Skip to main content

Why Obamacare? 3 Charts

By Sally Kohn
updated 11:45 PM EST, Thu November 14, 2013
STORY HIGHLIGHTS
  • Sally Kohn: Obama's fix on cancelled health plan lets us refocus on implementation
  • She says enrollment numbers lagging, but recall, Romneycare signups slow too
  • She health insurance system was disaster that Obamacare will ultimately redress
  • Kohn: GOP lies meant to thwart implementation that will help families, economy

Editor's note: Sally Kohn is a progressive activist, columnist and television commentator. Follow her on Twitter at @sallykohn.

(CNN) -- The Obamacare website might still be slow, but the politics and context of Obamacare are shifting rapidly. On Thursday, to deal with some of the grousing about canceled insurance plans, President Obama announced an administrative fix to allow people to keep those crummy plans (that they think they like) for up to a year. This should quiet some of the complaints within his own party, though certainly not Republicans, who will just find another reason to attack Obama and health care reform.

One hopes this fix will put the focus back on making Obamacare implementation as successful and effective as possible.

It's certainly not there yet. On Wednesday, the Obama administration announced that just more than 106,000 Americans had enrolled in health insurance plans through Obamacare exchanges, and another 975,000 people had shopped for plans but not enrolled in a selection yet. No one is cheering these numbers — well, no one except those Republicans who didn't want anyone to have access to affordable, quality private health insurance options in the first place.

Sally Kohn
Sally Kohn

The 106,000 enrollments are well below the 500,000 the White House had originally projected for this period before launch of the exchanges. The brouhaha over canceled insurance plans has muddied an otherwise positive law. But all of the above should be put in a broader context —the context of enrollment in past comparable insurance systems, the context of what health insurance was like before the Affordable Care Act passed, and the context of its opponents' repeated lies meant to distort and destroy Obamacare.

So, here are three handy charts to help you understand the reality of Obamacare and separate fact from fear-mongering.

Romneycare early enrollment  Romneycare early enrollment
Romneycare early enrollmentRomneycare early enrollment

CHART 1: Romneycare enrollment

Looking for an analog to what Obamacare enrollment might look like nationwide? Look no further than Massachusetts, which implemented a mini-version of Obamacare under then-Gov. Mitt Romney. In 2007, Romneycare wasn't even plagued by a bum website rollout — and enrollment was still gradual, as shown in this chart (click on it to expand) and explained by Jonathan Cohn at The New Republic.

It can be expected that people who need Obamacare the most — either because they're sick or because they're sick of their current expensive individual insurance — will enroll first, but everybody else, especially those who are currently uninsured, will wait until the last minute to sign up before they face the individual mandate penalty. Plus, even people who want their new plan to kick in on January 1, 2014, have until December 15 to enroll in a plan.

Also, choosing among the many options in the Obamacare exchanges does take time — which might explain, for instance, why almost 1 million people have logged into the exchange but not yet chosen an insurance option. With time, those numbers can be expected to grow.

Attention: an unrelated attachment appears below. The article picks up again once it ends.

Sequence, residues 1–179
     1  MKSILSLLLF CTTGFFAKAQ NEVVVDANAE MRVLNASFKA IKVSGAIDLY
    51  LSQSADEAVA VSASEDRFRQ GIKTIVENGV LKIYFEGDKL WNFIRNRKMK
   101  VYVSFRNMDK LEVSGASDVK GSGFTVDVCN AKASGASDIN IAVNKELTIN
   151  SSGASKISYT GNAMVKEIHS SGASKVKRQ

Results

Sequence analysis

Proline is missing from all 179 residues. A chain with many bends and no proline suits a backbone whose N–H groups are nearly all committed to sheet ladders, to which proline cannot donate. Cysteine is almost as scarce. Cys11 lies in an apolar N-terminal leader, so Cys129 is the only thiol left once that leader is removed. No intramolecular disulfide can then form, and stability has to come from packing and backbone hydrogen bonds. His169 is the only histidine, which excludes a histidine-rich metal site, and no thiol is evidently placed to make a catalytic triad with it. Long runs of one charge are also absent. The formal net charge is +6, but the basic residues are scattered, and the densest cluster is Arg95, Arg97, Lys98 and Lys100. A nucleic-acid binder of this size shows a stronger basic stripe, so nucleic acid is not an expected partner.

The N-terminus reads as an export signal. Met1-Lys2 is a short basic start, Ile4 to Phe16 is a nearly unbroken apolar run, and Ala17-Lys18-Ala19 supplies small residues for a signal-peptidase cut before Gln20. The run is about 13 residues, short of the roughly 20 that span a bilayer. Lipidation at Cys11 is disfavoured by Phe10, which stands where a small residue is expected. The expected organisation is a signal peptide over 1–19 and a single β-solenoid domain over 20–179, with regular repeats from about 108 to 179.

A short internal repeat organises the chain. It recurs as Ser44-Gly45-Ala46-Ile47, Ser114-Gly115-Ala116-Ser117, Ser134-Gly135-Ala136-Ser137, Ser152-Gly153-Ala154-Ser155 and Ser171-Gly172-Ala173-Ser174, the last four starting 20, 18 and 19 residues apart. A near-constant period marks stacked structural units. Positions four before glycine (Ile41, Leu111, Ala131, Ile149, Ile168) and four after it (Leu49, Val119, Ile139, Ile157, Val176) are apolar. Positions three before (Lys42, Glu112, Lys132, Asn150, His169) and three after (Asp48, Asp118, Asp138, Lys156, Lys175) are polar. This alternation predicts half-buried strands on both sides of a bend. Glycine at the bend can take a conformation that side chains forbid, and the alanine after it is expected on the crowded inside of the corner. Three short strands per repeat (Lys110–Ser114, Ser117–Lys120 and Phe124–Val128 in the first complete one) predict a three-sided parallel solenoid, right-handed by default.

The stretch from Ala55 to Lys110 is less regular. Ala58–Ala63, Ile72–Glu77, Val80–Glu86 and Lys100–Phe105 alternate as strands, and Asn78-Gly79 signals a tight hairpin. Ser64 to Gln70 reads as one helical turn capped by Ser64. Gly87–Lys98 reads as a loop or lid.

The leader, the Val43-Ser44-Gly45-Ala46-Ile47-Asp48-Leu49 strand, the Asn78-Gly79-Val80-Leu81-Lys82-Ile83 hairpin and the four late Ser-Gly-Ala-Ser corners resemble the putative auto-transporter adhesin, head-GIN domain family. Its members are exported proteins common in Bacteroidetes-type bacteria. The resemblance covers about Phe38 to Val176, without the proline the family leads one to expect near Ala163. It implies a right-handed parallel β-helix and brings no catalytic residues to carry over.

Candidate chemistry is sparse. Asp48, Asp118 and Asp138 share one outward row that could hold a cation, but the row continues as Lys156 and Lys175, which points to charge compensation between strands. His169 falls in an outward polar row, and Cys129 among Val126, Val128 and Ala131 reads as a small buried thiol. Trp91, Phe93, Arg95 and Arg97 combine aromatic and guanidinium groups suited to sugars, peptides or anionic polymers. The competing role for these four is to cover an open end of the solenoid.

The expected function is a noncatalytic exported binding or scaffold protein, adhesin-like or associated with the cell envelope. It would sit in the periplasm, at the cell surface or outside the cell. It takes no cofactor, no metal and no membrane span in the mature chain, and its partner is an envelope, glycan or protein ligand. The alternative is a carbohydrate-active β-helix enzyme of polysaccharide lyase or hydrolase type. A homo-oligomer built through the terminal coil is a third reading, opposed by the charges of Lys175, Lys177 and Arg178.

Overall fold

Health care spending  Health care spending
Health care spendingHealth care spending

CHART 2: How bad it was before Obamacare

We may need a reminder of how disastrous our health insurance system was before Congress passed Obamacare. Just one way of looking at this is that health care spending as a percent of family income was already an astronomical 19% in 2009 but was projected to be 30% by 2019 and 48% by 2029 — unless something was done.

This reality is particularly lost when discussing the estimated 2% to 4% of Americans who have private insurance plans that will ultimately be canceled because of higher coverage standards set by the Affordable Care Act. Many of those people will find they have even better options in the exchanges, and at better prices. But even the small percentage of folks who find themselves paying more for insurance should be seen in the broader context of health care and insurance costs that were already skyrocketing out of control, for all of us, before Obamacare was passed.

Degree of truth  Degree of truth
Degree of truthDegree of truth

CHART 3: About those canceled plans

Finally, yes, Obama will implement an administrative fix so people can keep their lousy insurance plans for another year if they want to. But insurance companies will now be required to tell people they have other (and in many cases, probably better) options in the new exchanges. This will hopefully stop the practice of insurance companies trying to trick people with canceled plans into buying much more expensive new plans from the same company rather than shopping around.

But it will likely not stop Republican finger-pointing and accusations that President Obama lied. No matter that Obama apologized for the promise that people who liked their insurance plans could keep them, tried to clarify the situation and is implementing a fix in fulfillment of that pledge. But wait, aren't Republicans the ones who came up with death panels and keep asserting that lie even though it was not only disproven but also called the "lie of the year" by PolitiFact? To make the point that Republicans really shouldn't be pointing fingers in the lie department, Steve Benen came up with this chart to put this into perspective: